Suez Canal blocked after cargo ship Ever Given turns sideways
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The Suez Canal, one of the world’s most popular seafaring trade routes, has been clogged up for nearly a week, plugging traffic and costing millions of pounds in daily trade. Officials have moved urgently in an attempt to dislodge a 400-metre long ship named the Ever Given, which has plugged activity in the area. The ensuing crisis has captured attention around the world, costing countries millions every day.
How can you watch the Suez Canal?
The Suez Canal is one of the world’s most populous trade arteries, as it offers seafarers alternative passage through Africa and into Europe.
The canal has been at the centre of international controversy before, but not when people could watch events unfold in real-time.
Onlookers can keep track of the Ever Given’s position thanks to satellite technology.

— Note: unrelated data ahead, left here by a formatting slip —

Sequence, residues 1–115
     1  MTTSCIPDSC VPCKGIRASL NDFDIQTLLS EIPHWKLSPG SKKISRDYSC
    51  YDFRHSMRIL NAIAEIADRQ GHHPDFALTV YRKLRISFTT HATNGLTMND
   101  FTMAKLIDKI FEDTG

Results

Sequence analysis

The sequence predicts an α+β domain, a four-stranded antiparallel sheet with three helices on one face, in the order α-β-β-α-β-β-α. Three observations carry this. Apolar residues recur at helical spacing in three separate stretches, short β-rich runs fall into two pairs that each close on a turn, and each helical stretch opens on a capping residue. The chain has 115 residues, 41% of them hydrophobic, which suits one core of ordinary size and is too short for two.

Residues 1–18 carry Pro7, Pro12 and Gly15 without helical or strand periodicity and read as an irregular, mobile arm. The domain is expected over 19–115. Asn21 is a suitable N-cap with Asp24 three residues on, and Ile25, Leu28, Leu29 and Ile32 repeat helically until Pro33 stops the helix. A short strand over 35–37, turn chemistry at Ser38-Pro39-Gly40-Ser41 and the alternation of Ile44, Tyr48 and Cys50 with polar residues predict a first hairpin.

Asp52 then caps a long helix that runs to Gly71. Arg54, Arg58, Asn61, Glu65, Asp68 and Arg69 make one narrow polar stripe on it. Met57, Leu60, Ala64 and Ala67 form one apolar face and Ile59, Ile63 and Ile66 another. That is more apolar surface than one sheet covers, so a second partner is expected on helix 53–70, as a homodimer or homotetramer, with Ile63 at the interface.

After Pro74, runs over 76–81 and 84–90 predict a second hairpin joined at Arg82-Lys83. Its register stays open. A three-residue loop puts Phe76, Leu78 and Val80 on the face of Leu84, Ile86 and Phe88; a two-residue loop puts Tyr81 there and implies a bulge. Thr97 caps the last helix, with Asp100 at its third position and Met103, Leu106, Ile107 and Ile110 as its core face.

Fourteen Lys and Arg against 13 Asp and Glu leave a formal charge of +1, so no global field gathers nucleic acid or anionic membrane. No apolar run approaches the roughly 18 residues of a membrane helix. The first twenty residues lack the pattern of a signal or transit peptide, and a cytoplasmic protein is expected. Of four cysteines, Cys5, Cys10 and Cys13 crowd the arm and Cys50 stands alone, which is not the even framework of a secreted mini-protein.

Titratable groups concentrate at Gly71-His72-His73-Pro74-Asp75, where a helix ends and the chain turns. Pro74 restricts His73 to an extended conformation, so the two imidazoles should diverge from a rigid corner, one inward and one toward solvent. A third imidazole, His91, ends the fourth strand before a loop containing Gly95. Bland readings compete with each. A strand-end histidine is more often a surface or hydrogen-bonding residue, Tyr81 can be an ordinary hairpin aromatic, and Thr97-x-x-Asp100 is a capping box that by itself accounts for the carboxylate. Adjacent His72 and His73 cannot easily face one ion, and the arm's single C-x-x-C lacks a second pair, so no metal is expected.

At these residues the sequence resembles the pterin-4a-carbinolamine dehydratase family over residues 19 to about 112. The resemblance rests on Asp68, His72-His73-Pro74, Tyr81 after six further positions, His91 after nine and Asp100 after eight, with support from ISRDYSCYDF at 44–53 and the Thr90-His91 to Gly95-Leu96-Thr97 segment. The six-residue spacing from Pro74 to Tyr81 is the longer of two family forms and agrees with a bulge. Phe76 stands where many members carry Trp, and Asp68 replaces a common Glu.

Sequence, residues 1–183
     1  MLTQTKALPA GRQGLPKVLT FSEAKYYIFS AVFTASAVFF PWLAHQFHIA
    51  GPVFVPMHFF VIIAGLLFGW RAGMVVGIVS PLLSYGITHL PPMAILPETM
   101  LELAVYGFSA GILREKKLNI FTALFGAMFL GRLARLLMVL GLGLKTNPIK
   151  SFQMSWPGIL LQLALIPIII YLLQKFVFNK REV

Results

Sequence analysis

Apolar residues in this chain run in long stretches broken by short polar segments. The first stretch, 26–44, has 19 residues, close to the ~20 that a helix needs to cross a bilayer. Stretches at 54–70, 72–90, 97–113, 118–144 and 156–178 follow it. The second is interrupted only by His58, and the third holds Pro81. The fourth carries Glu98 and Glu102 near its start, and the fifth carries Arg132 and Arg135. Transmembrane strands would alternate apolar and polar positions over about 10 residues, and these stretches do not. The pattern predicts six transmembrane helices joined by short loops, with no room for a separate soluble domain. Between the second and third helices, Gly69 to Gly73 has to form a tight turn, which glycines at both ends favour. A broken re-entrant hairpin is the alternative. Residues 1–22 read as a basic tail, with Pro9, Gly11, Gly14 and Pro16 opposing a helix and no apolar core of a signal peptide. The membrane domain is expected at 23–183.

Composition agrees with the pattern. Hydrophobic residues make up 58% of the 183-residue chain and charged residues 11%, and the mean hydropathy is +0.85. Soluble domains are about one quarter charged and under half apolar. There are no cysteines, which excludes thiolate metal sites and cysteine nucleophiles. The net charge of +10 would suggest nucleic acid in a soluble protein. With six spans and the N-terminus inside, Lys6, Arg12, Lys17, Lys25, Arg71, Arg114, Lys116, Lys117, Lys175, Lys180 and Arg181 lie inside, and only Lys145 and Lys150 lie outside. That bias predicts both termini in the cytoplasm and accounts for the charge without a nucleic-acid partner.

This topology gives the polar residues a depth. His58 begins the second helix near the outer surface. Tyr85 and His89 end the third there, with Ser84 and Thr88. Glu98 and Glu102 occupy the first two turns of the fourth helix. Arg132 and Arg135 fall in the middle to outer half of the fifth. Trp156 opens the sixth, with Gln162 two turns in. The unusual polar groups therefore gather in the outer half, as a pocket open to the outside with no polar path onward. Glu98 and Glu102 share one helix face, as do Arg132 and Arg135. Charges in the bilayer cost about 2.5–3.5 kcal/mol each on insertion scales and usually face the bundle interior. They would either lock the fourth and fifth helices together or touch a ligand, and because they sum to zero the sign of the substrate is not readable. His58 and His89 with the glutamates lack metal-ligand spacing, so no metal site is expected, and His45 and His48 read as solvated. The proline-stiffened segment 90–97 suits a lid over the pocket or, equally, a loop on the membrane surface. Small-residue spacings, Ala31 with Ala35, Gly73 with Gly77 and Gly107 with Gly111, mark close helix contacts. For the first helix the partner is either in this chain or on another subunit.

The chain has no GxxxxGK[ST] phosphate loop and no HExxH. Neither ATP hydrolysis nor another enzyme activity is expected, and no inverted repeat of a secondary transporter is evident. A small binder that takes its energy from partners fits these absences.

The site marinevesseltraffic.com keeps tabs on vessels and their paths around the world.
The following link will take them straight to the Suez Canal.
From there, they can hover over each ship parked or travelling through the ocean-bound superhighway.
The site currently shows the Ever Given is travelling at 0.1 knots (0.11 mph) as it remains stuck at Suez.
The satellite also clearly shows a vast queue forming behind it as ships await passage.
The current estimated time of arrival (ETA) for Ever Given is March 31, when it is due to land in Rotterdam and conclude its trip from China.
Egyptian authorities have deployed tugboats to free the ship from the canal’s embrace.
They have managed to “partially refloat” the ultra-large container ship.
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Eight tugboats have shifted the boat slightly along the canal bank.
They are now working on removing the ship to “another position”.
Once it has moved, the flow of traffic can move freely once more.
Authorities have blamed the unfolding events on inclement weather in the area.
The Suez Canal Authority (SCA), which governs the trade route, explained the vessel lost control amid a sandstorm.
However, experts have said human error may be partly to blame.
According to ship technical managers with Bernhard Schulte Shipmanagement (BSM), it ran aground at roughly 5.40am GMT on Tuesday.
BSM has accounted for all crew onboard and explained there was no suspected pollution.
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